I'm not one to complain about the french on the Corn Flakes box, but sometimes there are disappointing things about living in a country that enforces bilingualism on packaging. Most DVDs that are released in Canada that have a french language audio track now sport bilingual packaging, so you look at the cover and it says Batman Begins on the top and then in smaller text underneath, Batman: Le Commencement. That touch takes away from the grandeur, I think. Sometimes they have to distort the original studio artwork to impose these french graphics. And then they also print both the english and french title of the film on the spine of the case. So now when I go to inspect my collection I see on the shelf such films as Invasion of the Body Snatchers/L'Invasion des Profanateurs or The Warriors/Les Guerriers de la Nuit. Casino is titled Casino/Casino on the spine. Why? I would hate to meet the bureaucrat who could answer this question for me.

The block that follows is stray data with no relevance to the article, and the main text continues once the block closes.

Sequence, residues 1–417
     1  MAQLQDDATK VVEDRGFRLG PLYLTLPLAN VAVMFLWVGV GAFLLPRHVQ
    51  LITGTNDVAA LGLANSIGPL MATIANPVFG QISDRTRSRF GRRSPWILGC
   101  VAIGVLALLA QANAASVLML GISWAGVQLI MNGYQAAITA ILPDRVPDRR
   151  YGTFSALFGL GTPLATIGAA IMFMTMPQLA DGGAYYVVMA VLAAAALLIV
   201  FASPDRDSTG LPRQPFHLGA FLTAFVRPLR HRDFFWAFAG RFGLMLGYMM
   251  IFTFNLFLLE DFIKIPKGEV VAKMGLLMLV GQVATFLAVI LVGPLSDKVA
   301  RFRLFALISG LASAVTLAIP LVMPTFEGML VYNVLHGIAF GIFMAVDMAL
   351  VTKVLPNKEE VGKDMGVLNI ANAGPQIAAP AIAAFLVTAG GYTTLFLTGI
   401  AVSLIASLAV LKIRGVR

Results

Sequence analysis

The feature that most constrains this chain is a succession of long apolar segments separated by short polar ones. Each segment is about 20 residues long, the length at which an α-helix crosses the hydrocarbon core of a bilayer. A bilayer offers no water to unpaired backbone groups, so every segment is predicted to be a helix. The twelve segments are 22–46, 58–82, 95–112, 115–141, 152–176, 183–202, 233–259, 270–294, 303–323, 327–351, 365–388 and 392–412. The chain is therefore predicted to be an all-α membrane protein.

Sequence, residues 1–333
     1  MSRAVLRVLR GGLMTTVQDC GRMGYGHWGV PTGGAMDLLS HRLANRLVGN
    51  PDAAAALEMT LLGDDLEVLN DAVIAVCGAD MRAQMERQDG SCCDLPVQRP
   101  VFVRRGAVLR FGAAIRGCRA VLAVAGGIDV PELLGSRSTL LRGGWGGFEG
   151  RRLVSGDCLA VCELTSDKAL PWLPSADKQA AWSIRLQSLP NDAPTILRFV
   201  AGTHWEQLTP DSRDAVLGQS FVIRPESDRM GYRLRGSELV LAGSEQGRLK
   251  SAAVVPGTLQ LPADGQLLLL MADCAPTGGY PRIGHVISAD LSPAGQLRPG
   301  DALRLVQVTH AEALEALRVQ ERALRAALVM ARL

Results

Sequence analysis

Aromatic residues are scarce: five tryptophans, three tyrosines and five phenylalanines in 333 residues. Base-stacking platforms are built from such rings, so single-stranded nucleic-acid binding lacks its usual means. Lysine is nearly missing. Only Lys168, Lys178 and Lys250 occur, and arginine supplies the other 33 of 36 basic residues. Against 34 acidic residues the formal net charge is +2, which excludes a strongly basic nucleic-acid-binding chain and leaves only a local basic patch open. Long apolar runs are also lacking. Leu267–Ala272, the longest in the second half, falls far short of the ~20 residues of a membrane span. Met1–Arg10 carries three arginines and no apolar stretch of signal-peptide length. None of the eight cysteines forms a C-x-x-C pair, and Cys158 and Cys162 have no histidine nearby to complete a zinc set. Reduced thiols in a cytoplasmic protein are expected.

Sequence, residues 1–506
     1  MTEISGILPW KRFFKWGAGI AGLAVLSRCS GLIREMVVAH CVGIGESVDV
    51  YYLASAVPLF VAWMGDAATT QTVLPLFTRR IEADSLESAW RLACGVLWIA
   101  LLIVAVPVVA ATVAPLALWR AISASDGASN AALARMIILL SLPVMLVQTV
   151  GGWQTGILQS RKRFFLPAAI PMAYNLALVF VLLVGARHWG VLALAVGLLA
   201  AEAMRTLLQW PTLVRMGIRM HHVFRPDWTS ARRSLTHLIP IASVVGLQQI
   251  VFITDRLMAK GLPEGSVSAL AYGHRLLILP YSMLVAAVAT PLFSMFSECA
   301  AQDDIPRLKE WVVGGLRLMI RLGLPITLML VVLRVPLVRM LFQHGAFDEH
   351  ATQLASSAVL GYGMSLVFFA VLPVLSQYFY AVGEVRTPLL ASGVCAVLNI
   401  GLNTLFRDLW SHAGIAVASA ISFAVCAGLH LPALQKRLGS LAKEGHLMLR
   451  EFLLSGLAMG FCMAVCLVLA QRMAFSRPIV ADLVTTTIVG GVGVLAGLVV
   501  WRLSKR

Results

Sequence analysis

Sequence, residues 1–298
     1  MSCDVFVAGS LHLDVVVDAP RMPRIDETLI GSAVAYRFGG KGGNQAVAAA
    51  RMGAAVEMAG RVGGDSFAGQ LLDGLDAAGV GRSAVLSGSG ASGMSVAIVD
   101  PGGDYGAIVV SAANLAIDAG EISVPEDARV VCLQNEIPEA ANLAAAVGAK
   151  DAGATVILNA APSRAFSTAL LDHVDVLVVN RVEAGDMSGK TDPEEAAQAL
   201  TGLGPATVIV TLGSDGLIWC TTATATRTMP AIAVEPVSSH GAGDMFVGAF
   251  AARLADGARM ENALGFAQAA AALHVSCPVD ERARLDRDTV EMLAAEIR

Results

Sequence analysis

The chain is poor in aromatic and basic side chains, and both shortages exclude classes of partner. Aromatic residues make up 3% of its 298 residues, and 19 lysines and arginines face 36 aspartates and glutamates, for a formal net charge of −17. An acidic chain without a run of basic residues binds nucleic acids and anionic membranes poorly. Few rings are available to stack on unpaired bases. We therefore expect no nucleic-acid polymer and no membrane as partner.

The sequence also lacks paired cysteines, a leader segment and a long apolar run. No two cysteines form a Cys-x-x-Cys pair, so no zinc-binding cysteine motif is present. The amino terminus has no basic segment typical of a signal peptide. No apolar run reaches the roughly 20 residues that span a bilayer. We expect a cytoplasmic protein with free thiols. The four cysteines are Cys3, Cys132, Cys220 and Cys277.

I can't see the french consumer being thrilled to have this bilingual packaging anyway - the use of French is usually crudely photoshopped into the original cover art, like an afterthought or an obligation. I don't know why they don't offer consumers either reversible packaging (english and french on either side of the cover insert) or use alternate french language artwork on 25% of the print run. I was thrilled to come across a used Quebecois copy of Femme Fatale ("de Brian De Palma, Le Maitre Du Suspense Erotique"). The french packaging is the cherry on that particular cake.
Anyway I find this enforced and bland bilingualism on domestic videos irritating for the most part. But there are exceptions. Beyond the Valley of the Dolls came out on DVD last Tuesday. I was considering ordering a copy from the states just so I would have a pristine english only package of a very eagerly anticipated release. Until I found out the french title of BVD is Orgissimo.